Week Ending 20.03.2015
Central banks retain their rock star status (for the financial sector) with markets hanging off every utterance and then debating the possible ramifications. Unlike dresses with stripes, the Fed watchers prefer dots and the subtle change in dots attracted a good amount of the attention.
The FOMC meeting noted that US economic growth, while still reasonable, was ‘moderating’. Low exports and low inflation irked the members enough to temper their forecasts for the US economy compared to December (shown in the table below). Forecasts for GDP growth and shorter term inflation have been pulled back, but in contrast, the Fed expects the unemployment rate to fall more rapidly than before, suggesting they are comfortable with a tightening labour market rather than concerned about any inflationary consequences. Employment growth, which has been running at a rate of around 250k per month, was leading to forecasts of the unemployment rate dropping below 5% in coming months (in the absence of a rise in the participation rate). With this outcome, financial markets would have previously brought forward their expectations of interest rate rises.Enlarge
Therefore the key dots move attracted the attention of fixed income markets as the Fed instead eased back their interest rate expectations. The chart below is the expectations of each member (unidentified) of the Federal Reserve for the Feb fund rate with 15 of the 17 members expecting a rise this year. The previous (unlikley) forecast of the federal funds rate reaching 1.5% has essentially been removed. Overall the implication is that a rate rise is now more likely around September than June and that the pace of rates is projected to be lower than before. Some suggest Janet Yellen, with the deciding call, is represented by the fifth dot from the bottom. If correct, she has shifted from a 75bp Fed rate by the end of 2015 to a 50bp rate.
Federal Reserve: Fed Funds Rate Forecasts
Rates are an important issue for markets. The first rise in rates is well expected and should not surprise financial markets. The timing and extent of the US rate cycle is likely to be the most challenging issue facing investors around the globe in the coming years. A highly regarded investment manager, Ray Dalio of Bridgewater, has put out a cautionary note on the risks. While some focus on the analogy to the experience of the 1930’s, his intent is to discuss the nature of decision making in the face of difficult conditions, rather than suggest there will be a repeat of events.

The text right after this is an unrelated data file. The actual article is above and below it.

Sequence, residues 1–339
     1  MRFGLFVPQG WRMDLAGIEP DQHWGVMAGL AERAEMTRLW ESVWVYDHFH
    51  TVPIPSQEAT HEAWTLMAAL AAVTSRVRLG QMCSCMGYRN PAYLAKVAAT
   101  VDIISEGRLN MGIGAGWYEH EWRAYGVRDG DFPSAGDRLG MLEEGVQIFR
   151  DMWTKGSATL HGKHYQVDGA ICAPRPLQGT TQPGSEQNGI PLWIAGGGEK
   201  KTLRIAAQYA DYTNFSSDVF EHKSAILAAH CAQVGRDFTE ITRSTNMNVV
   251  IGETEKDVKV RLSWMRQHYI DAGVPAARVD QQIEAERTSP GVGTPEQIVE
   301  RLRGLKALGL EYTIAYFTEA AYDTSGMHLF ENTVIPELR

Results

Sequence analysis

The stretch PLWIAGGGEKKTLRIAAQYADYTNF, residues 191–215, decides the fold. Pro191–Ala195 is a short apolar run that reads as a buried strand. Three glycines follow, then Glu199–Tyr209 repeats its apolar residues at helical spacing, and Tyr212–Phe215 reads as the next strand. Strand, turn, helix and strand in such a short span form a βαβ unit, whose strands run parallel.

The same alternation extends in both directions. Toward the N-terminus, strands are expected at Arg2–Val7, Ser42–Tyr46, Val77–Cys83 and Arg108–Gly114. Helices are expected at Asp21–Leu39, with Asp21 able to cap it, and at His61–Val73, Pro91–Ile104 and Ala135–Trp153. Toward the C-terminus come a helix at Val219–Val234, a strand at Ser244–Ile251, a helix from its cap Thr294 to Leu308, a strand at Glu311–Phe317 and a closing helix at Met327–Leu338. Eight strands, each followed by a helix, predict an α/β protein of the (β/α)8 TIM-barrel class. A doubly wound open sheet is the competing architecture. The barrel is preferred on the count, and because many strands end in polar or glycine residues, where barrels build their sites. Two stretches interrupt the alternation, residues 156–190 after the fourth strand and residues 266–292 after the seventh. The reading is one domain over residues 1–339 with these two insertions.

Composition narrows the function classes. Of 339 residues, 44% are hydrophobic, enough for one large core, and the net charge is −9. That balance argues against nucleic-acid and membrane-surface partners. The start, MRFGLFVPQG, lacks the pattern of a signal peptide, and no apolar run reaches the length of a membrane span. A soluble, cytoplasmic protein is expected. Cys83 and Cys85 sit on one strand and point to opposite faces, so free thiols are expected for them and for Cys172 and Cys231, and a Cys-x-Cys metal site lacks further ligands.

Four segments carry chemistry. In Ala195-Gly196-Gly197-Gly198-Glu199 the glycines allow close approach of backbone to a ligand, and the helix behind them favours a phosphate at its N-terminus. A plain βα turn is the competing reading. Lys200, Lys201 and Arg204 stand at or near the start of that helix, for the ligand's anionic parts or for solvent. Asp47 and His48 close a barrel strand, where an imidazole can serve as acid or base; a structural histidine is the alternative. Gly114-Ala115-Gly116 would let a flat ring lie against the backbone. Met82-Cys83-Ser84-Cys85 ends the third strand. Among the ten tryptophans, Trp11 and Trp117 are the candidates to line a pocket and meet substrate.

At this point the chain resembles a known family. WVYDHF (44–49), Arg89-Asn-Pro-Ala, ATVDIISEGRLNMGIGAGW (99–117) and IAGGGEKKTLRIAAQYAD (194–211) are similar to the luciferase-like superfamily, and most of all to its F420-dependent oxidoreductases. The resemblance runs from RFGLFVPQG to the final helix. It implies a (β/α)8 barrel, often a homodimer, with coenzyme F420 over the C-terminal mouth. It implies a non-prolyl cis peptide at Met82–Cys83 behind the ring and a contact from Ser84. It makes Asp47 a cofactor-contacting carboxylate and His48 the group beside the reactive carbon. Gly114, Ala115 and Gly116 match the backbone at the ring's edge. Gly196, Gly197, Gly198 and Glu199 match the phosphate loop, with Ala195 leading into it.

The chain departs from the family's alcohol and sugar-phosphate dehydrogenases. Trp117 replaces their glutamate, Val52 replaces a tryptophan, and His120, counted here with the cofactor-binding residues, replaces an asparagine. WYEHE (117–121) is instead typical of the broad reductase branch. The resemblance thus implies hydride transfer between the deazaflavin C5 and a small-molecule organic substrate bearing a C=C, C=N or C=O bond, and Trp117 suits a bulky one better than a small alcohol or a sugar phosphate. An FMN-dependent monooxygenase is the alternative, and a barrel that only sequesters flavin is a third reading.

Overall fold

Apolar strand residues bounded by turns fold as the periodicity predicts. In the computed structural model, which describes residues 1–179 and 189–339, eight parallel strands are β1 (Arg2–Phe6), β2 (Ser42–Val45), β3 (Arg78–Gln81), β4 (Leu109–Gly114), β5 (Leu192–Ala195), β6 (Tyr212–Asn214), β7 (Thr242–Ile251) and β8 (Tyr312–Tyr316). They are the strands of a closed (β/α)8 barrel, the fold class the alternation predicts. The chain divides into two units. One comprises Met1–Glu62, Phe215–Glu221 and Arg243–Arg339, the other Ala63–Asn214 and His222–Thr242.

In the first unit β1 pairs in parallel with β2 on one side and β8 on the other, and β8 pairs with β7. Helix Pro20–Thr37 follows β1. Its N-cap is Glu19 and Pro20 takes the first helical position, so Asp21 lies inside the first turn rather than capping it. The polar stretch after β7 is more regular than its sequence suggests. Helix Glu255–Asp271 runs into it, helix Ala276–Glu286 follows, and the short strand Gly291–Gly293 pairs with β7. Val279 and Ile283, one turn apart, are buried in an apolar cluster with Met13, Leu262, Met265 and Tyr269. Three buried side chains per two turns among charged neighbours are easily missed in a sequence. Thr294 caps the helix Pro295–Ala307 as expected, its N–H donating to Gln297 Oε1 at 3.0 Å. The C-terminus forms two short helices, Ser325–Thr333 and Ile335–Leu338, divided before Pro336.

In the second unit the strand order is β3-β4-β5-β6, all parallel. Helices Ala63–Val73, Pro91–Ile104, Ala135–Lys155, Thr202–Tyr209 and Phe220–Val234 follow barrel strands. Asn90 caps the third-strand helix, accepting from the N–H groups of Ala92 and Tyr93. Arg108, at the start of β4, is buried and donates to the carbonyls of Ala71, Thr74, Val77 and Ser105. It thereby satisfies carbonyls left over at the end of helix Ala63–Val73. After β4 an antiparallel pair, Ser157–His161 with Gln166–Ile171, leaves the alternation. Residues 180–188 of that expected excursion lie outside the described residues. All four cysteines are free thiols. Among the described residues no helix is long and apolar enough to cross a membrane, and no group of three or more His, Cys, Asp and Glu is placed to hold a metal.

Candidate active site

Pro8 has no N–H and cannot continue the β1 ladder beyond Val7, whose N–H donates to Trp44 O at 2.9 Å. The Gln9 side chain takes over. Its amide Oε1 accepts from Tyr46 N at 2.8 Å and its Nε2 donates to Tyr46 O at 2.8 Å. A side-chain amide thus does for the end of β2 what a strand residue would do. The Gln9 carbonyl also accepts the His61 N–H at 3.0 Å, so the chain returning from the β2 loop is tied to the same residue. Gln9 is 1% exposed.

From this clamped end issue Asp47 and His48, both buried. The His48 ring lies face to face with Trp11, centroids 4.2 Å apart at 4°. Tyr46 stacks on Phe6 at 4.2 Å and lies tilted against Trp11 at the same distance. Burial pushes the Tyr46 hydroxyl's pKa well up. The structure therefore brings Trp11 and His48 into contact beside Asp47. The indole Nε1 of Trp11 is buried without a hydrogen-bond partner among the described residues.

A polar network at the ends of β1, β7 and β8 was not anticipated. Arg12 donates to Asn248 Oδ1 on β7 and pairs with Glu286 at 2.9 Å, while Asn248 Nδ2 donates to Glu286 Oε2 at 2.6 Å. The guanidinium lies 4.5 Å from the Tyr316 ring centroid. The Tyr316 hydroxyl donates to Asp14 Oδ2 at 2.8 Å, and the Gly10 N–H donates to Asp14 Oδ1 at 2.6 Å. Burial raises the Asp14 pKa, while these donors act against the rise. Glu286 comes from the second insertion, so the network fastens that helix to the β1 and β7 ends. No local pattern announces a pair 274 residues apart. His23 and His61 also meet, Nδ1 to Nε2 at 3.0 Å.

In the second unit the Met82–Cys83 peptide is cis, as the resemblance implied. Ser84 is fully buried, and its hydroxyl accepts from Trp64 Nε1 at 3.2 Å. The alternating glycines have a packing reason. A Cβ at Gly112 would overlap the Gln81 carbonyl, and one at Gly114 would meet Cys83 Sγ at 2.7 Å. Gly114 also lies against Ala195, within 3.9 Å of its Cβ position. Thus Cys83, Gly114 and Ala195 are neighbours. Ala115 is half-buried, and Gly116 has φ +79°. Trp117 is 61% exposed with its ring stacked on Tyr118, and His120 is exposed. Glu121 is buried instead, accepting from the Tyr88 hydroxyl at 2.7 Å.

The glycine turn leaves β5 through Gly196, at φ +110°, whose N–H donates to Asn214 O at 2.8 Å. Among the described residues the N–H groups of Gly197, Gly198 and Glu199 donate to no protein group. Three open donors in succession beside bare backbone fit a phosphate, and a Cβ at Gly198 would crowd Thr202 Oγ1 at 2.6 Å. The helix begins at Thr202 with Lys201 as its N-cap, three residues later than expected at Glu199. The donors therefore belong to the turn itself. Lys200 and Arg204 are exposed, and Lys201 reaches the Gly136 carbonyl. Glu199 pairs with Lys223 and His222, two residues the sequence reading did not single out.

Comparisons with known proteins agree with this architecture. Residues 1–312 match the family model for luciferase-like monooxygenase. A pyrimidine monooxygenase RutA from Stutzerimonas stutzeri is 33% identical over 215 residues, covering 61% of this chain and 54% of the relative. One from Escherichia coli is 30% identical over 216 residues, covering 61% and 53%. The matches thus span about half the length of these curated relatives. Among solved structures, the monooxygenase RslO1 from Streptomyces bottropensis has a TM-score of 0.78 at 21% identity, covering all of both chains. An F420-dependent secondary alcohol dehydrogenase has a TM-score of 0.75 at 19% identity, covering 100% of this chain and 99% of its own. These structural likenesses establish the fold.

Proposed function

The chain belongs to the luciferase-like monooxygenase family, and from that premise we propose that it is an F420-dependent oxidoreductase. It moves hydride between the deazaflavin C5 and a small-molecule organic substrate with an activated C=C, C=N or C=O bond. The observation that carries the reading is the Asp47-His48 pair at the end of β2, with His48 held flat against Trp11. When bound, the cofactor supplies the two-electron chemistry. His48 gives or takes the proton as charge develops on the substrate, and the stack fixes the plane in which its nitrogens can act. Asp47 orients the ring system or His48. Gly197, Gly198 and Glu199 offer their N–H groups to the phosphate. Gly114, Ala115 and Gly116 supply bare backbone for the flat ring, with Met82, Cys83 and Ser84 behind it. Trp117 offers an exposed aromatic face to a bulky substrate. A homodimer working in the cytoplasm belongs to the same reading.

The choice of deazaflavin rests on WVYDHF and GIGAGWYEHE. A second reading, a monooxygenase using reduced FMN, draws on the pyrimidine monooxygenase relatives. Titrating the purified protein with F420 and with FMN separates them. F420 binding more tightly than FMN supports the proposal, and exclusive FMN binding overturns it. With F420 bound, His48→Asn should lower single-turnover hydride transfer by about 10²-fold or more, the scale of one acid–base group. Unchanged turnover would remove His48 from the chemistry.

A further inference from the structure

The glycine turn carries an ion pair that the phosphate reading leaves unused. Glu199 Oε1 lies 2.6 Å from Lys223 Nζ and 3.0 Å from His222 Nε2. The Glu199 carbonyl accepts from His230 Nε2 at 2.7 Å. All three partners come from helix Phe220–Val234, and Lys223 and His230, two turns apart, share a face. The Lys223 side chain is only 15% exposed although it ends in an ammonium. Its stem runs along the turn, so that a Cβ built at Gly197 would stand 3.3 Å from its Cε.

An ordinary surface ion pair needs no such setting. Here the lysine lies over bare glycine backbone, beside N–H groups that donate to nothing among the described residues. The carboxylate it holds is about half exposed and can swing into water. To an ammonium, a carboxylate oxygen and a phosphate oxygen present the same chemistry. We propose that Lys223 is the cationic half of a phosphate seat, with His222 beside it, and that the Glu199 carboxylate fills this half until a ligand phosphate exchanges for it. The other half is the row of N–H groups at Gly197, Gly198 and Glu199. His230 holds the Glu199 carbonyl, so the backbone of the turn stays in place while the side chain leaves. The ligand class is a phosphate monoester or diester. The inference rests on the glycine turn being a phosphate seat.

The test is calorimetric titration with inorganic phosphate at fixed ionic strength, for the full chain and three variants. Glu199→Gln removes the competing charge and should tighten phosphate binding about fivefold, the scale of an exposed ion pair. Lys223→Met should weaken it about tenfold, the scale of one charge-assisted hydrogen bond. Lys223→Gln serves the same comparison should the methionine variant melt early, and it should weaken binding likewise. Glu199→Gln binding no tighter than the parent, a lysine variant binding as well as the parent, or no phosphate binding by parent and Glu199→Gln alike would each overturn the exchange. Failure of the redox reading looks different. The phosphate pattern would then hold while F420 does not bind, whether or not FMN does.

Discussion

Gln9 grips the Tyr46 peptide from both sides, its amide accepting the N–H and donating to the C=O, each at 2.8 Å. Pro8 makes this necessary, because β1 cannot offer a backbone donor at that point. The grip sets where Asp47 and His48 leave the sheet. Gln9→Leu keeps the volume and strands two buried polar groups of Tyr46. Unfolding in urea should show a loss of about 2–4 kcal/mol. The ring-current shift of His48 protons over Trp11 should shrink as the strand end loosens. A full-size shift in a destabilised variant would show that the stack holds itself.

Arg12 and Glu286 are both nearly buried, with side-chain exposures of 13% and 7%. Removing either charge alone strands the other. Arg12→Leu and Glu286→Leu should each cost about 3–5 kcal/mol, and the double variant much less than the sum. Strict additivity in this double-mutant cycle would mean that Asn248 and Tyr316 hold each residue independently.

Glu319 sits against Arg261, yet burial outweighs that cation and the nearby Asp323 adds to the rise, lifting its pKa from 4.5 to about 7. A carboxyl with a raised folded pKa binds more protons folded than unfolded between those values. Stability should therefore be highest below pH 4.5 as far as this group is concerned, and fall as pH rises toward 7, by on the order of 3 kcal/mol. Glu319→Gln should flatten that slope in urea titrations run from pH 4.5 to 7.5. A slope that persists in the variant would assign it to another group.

In summary, he notes the relative ineffectiveness of easing at this time to stimulate economic activity, yet also the reality that the US dollar is still the reserve currency of the world and that actions appropriate for the US have much wider repercussions. Currency markets are already showing their disruptive capacity. Most emerging economies, on which a large amount of global growth now relies, cannot effectively use monetary policy to temper capital flows. Interest rate sensitivity is possibly at its most extreme in decades, given the level of global debt and fragile nature of economies.
Dalio further points out the importance of fiscal policy to work in unison with central banks, a feature that has been somewhat lacking to date. Importantly, tax hikes or a rush to close budget deficits were ultimately complicit in the depression of the 1930’s and therefore avoiding those mistakes is critical. The debate is now coming through in the UK, as two parties with very clear opposing views battle out the question of tax and spending on the eve of an election. This will possibly set the tone as the UK, too, mulls over a rate rise.
With our own budget looming, the interplay between the RBA (given the apparent ineffectiveness of our interest rates to induce required domestic growth) and the government (with its efforts to redistribute income or reduce the deficit) will be much more important than ever.
The never ending question of employment conditions in Australia were somewhat illuminated by the detailed release of February data. As we have noted before, the service sector is far and away the dominant employer by number, albeit not quite so much by income. The chart and table below shows the extent of that bias – services account for close to 80% of employment.